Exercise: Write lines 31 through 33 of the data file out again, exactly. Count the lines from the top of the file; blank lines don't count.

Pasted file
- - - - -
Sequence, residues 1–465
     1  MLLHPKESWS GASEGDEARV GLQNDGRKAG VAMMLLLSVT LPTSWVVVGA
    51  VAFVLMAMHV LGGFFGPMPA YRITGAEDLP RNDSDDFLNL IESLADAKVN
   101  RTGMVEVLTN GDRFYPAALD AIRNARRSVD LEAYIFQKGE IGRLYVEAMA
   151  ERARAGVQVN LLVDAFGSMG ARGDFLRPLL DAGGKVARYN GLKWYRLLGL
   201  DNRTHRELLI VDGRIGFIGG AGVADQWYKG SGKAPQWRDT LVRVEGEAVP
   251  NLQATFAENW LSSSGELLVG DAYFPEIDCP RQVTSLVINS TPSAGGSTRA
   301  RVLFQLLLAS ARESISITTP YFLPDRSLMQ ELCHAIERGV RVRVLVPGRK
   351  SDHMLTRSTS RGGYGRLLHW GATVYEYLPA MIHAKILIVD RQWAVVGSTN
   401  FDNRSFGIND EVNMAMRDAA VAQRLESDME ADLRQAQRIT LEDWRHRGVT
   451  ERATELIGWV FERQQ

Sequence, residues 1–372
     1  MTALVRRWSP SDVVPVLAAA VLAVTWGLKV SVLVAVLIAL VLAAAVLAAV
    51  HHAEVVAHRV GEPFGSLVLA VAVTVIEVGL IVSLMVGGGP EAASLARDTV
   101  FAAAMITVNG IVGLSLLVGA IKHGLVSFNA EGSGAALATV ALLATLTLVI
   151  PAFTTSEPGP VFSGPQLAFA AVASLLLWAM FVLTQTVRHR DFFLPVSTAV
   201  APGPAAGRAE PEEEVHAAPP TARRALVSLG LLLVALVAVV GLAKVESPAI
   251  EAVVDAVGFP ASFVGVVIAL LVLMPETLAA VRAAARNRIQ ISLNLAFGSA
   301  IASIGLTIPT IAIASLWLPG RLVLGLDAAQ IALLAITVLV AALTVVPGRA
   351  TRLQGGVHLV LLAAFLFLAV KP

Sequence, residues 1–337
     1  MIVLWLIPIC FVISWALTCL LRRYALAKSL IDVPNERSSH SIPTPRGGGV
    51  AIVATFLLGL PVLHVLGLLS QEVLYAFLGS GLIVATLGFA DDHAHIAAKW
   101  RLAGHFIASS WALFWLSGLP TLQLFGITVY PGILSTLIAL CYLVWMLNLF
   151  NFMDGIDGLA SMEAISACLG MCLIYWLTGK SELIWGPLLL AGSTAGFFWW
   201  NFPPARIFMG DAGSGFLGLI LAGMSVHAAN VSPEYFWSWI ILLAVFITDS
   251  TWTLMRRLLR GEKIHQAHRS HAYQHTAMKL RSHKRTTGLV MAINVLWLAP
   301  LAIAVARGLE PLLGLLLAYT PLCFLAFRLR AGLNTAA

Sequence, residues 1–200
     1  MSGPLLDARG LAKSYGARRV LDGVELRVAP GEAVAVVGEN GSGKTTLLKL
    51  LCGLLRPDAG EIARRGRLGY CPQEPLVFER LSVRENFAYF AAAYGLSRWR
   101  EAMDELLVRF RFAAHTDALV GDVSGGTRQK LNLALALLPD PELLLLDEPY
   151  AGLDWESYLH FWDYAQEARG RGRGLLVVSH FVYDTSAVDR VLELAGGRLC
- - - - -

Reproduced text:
    51  LCGLLRPDAG EIARRGRLGY CPQEPLVFER LSVRENFAYF AAAYGLSRWR
   101  EAMDELLVRF RFAAHTDALV GDVSGGTRQK LNLALALLPD PELLLLDEPY
   151  AGLDWESYLH FWDYAQEARG RGRGLLVVSH FVYDTSAVDR VLELAGGRLC